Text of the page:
How the fuck did we end up in a situation where politics in a modern society breaks down to two sides rather than a proportionally represented patchwork of different interests? Even if a proportional system was to result in multi polar dithering and indecision as its critics claim, can it really be less effective than perpetual war between two parties? The status quo has managed to disengage, disillusion and disenfranchise at least a third of the electorate through limited spectrum representation and the tub thumping nihilism of adversarial discourse.
The competitive, first past the post system leaves little room for balance or compromise. It plays out like an adversarial courtroom dynamic; each party rubbishing the other while spinning their own highly dubious lines till they’re blue (or red) in the face. By the time one has witnessed the extraordinarily unconvincing synthetics of a political campaign, it is difficult to imagine these flimsy mediocrities regulating anything more important than a gas bottle.
If we examine ‘Anglo Saxon’ society and analyze the degree to which competition is the dynamo of progress while truth is a malleable concept, we start to understand everything from the nature of capitalism to cultural imperialism. Your culture tells you to wear traditional dress and be a farmer, mine tells you to eat McDonalds and wear jeans. But mine is shinier and better presented so you become yet another acolyte of the Western Dream. It’s all about the sales pitch, all about presentation, and ultimately all about winning. It is the adversarial system writ large.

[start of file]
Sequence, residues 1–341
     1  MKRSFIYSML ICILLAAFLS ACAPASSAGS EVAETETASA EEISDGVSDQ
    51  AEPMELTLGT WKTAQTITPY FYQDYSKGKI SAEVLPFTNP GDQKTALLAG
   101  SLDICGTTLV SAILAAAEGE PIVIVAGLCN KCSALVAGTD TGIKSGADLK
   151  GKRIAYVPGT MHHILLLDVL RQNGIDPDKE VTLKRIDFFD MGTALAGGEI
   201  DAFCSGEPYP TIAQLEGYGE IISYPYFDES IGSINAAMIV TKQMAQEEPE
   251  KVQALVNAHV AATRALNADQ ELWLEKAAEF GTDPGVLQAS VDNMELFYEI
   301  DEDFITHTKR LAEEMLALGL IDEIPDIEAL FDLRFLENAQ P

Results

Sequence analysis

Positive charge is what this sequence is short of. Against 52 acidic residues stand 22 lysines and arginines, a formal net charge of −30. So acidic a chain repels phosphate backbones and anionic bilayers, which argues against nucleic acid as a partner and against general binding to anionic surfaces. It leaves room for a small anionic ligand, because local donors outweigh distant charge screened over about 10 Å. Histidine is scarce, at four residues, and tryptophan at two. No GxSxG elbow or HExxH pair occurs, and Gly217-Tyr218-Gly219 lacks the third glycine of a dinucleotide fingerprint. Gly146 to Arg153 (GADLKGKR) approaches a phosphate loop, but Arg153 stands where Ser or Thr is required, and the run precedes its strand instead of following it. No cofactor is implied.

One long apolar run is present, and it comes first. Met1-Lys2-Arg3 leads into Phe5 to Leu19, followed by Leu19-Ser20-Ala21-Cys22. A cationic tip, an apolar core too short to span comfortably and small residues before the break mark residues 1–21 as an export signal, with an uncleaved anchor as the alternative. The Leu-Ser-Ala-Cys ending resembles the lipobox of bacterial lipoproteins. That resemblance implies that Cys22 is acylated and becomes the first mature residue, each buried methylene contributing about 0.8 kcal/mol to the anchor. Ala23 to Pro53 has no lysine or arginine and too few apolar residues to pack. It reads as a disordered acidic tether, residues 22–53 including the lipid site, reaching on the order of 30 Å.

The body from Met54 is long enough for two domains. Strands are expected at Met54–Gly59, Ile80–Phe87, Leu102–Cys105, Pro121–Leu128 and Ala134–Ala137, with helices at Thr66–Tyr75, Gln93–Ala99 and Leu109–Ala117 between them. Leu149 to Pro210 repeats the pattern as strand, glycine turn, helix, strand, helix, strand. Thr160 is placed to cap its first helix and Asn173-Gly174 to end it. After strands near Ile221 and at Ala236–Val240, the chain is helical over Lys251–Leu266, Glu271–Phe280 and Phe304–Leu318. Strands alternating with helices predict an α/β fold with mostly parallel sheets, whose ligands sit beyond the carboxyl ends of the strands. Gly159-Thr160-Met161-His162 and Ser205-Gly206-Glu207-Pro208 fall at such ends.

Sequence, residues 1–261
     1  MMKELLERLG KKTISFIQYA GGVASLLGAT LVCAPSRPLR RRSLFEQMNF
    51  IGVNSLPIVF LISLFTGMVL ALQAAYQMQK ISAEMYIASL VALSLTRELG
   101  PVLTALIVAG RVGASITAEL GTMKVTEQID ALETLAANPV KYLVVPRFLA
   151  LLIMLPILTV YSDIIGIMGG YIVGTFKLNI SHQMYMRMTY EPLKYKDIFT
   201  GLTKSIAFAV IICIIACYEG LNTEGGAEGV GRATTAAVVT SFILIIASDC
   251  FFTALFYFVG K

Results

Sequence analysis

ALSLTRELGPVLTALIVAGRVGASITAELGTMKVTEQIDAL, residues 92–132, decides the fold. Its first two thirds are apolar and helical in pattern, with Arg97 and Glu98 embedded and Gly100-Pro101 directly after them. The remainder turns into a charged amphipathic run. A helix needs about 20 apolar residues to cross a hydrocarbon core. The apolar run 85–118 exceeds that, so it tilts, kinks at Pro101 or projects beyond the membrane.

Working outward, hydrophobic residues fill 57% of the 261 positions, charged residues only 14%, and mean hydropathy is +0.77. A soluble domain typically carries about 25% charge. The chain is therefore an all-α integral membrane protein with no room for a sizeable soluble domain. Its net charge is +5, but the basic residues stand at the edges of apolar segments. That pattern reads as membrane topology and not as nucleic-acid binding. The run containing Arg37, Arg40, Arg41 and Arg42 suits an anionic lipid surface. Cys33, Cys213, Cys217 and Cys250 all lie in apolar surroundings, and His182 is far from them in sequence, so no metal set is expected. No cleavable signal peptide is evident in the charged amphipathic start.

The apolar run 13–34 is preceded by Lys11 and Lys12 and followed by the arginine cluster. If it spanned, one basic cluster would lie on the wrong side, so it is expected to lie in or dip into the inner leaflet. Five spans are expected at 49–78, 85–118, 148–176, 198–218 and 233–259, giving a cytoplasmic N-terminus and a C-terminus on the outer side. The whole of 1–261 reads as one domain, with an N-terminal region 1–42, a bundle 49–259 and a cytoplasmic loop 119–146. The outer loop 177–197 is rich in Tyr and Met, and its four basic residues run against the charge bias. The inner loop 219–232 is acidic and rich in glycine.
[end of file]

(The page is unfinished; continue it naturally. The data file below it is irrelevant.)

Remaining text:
It is worth pausing to consider what effect living within such systems has on our core humanity and how they subconsciously shape our world view. The latent effect of anchoring our search for truth in cutthroat rivalry rather than unity and shared purpose. The jury may still be out on which is the least worst framework to run a society by, but can we be anything but intrinsically corrupted by a system of competition and falsehood so insidious that it has touched the darkest recesses of our identity. When truth itself is defined in adversarial terms, is it any wonder the world works as it does.
by Cyrus Bozorgmehr
Painted bodies image by Adam Martinakis
Blind Justice image by Jared Kubicki
Flying Saws image by Damian Ortega
Mechanical heads by Kazuhiko Nakamura
Graffiti by Does Loveletters
Love / Hate by Andrew Zig Leipzig
Edited version of an article first published in LSD Magazine Issue 5 – Coming of Age
A little poem on the banality of banking
I’m Chief Exec of a bailed out wreck
Pensions fuelling my private jet
Suits hand tailored in Savile Row
And a bakery stocked with watermarked dough
My early years were a tad misspent
That embarrassing episode with a boy called Rent
But soon enough I regained focus
Honed some financial hocus pocus
But talent was never my greatest strength
Though I had a moistened tongue of staggering length
Instinct would guide me to a prosperous licking
And a certain satisfaction in a downward kicking
I rose through the ranks in the investment banks
Always careful to protect my flanks
And before I knew it I was head of desk
Gambling abstract amounts downright grotesque
Yet somehow we not only stayed afloat
But I ended up with a 100 foot boat
No one really questioned my work
And initially I thought that was a peculiar quirk